I’m going to be disconnecting from my network too. Despite living socially distanced lives, we’ve all over compensated by being more in touch with people than ever before, including our colleagues. But how much of that is going deep on an emotional level? This kind of relationship consumes more energy than it restores. So instead I’ll be speaking to friends or family who provide positive, supportive vibes—the ones who I can really talk to, be vulnerable and really dig in to how I’m feeling.
A pen and notepad is essential to a restorative weekend. I have an entrepreneurial approach to most things, whereby I try stuff with the mindset of “how hard can it be?” and “I’ll figure it out.” As a result, stuff goes wrong and I might worry about letting people down. It plays on my mind. I’m going to show myself some self compassion by taking time to write down my thoughts, worries and concerns. Instead of thinking “poor me” I’ll remind myself that “this happens to everyone”. I could write in my journal as if I’m giving the advice to a friend.
Taking the time to dig deeper into the thoughts and emotions I experience through the week is a chance to identify what parts of my work I find the most enjoyable and the ones I don’t. I can reflect on the things I procrastinate about and ask myself why. There’s tonnes of writing prompts out there. I could also note down what I observe and describe it, which really brings me into the present moment. For example, how am I responding to people and things, how are my stress levels changing over the weekend, what thoughts regularly surface, what am I noticing about my environment?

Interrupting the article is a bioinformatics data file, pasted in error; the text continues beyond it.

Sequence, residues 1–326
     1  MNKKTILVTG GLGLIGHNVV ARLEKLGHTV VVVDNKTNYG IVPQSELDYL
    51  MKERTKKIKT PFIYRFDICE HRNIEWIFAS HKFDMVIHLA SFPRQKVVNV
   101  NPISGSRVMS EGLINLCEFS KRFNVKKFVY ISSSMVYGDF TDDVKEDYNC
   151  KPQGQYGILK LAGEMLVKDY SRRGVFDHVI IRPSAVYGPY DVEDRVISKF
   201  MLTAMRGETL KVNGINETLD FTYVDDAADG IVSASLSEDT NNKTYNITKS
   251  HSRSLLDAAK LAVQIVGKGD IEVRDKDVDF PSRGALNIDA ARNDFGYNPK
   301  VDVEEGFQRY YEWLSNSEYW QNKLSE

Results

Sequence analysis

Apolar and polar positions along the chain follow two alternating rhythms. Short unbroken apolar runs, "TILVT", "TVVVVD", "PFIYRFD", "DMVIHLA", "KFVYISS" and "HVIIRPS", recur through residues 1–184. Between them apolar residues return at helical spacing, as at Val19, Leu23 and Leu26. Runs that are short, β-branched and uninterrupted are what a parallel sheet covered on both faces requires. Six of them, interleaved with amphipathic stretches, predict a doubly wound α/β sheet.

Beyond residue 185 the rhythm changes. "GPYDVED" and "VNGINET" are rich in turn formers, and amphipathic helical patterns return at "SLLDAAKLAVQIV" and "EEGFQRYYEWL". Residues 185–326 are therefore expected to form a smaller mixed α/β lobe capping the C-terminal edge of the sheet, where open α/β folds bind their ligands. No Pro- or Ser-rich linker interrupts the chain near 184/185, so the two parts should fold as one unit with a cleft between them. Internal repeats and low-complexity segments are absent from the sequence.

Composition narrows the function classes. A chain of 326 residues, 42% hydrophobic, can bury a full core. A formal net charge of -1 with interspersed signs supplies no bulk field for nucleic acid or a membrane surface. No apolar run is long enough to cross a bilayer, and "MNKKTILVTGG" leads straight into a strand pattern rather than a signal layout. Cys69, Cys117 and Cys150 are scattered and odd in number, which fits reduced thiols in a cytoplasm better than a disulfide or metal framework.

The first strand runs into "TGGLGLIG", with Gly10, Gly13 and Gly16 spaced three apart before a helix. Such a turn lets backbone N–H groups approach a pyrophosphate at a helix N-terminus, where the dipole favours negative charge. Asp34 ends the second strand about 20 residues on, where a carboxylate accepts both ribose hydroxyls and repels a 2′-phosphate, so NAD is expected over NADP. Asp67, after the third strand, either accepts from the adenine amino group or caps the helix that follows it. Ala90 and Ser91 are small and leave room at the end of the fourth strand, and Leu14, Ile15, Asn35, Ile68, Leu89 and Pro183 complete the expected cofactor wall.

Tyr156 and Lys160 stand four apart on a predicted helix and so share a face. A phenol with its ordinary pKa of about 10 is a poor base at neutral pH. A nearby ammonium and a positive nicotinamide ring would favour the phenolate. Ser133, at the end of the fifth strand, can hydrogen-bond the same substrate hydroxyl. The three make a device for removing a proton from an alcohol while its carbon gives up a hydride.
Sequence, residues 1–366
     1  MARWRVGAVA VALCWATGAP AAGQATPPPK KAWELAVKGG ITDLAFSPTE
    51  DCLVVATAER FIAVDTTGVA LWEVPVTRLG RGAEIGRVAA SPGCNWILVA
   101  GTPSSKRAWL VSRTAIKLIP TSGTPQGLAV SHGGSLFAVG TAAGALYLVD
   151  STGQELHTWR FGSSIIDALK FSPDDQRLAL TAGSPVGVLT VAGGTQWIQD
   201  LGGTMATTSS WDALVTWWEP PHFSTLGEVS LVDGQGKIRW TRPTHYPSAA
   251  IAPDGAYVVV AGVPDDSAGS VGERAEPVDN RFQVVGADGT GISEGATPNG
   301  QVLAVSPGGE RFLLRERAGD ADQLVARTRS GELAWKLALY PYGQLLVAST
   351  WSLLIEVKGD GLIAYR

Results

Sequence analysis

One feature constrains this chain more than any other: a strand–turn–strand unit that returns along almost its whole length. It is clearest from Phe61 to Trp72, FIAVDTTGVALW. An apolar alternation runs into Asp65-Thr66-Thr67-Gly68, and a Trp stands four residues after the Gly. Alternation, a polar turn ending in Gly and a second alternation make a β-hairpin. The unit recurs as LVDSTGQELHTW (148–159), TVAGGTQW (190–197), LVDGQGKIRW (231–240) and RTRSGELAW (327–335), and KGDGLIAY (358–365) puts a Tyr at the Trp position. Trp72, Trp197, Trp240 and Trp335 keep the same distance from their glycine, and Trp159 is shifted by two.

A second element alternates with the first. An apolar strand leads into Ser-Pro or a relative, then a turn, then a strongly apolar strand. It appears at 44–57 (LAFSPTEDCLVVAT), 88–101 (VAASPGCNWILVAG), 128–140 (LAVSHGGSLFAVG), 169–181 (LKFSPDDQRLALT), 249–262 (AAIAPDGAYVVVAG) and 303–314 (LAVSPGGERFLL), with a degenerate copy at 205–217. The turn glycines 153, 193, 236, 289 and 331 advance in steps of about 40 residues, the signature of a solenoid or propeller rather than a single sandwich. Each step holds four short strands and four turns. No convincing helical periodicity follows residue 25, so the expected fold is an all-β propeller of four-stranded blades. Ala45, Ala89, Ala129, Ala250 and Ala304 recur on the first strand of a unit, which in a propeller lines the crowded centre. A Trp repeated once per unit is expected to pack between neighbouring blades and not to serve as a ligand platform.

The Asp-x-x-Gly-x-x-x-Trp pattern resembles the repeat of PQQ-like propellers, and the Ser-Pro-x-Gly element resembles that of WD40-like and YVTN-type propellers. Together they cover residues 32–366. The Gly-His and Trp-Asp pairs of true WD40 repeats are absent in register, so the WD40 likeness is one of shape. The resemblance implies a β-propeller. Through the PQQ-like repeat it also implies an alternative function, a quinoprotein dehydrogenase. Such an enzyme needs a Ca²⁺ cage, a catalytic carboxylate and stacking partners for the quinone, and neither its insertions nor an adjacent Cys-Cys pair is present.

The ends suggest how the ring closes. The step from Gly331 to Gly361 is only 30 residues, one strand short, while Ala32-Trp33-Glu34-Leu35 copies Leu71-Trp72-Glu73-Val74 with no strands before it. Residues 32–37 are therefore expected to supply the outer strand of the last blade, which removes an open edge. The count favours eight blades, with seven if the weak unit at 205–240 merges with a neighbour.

Nature to Nurture
I will immerse myself in the beauty of the outdoors, even if it’s my neighbourhood or my back garden. I will try to notice everything as if meeting it for the first time. I’m going to leave my device at home, because I’ll be tempted to be more productive and listen to a podcast or be entertained with a story. This is a time to listen to the birds and the bubbling water in the valley.
Although art galleries are not an option, I might also be inspired through books or radio plays—to appreciate the arts and let them do their work of triggering an emotion in me.
Finally, lighting a few candles and listening to some mystical flute is probably on the cards as well. I will see if I can feel a sense of belonging to the earth, feel acceptance and purpose.
Sharing my intentions
Letting people know about my restorative weekend does two things: it holds me accountable to actually go through with it (keeping off the social networks where I announced my intentions) and it might inspire other people to do the same. If I do my self work and do it transparently, I’m more likely to inspire others to follow suit and talk publicly about mental health.
My Plan for a Restorative Weekend
- 30 min Yoga routine
- 10 slow sun salutations
- 5 min Yoga Nidra
- 10 min meditation 3 times a day
- Tara Brach saved track
- 5 min news podcast every morning
- No instapaper
- No email newsletters
- Only books
- Long chats with friends and family
- A school friend
- Pick up the journal whenever I sit
- Print out the journal prompt and stick it in the back
- Daily walks in nature
- No devices
- Noticing wildlife and spring flowers
How did you get on?